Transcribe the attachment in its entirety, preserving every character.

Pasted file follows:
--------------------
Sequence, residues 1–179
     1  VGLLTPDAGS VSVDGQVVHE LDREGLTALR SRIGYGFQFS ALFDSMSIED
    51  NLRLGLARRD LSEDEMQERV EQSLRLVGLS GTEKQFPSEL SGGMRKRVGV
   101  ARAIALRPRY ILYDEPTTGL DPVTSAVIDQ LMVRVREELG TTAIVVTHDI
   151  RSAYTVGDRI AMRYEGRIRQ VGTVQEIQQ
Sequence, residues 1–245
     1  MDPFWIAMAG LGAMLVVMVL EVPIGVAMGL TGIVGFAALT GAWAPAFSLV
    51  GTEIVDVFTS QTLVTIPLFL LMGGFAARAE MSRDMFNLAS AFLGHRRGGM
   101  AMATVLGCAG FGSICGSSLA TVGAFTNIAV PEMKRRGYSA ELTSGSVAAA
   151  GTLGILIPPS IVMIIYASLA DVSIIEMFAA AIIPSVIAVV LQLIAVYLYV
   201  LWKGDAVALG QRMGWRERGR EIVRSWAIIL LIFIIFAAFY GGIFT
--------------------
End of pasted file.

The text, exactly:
Sequence, residues 1–179
     1  VGLLTPDAGS VSVDGQVVHE LDREGLTALR SRIGYGFQFS ALFDSMSIED
    51  NLRLGLARRD LSEDEMQERV EQSLRLVGLS GTEKQFPSEL SGGMRKRVGV
   101  ARAIALRPRY ILYDEPTTGL DPVTSAVIDQ LMVRVREELG TTAIVVTHDI
   151  RSAYTVGDRI AMRYEGRIRQ VGTVQEIQQ
Sequence, residues 1–245
     1  MDPFWIAMAG LGAMLVVMVL EVPIGVAMGL TGIVGFAALT GAWAPAFSLV
    51  GTEIVDVFTS QTLVTIPLFL LMGGFAARAE MSRDMFNLAS AFLGHRRGGM
   101  AMATVLGCAG FGSICGSSLA TVGAFTNIAV PEMKRRGYSA ELTSGSVAAA
   151  GTLGILIPPS IVMIIYASLA DVSIIEMFAA AIIPSVIAVV LQLIAVYLYV
   201  LWKGDAVALG QRMGWRERGR EIVRSWAIIL LIFIIFAAFY GGIFT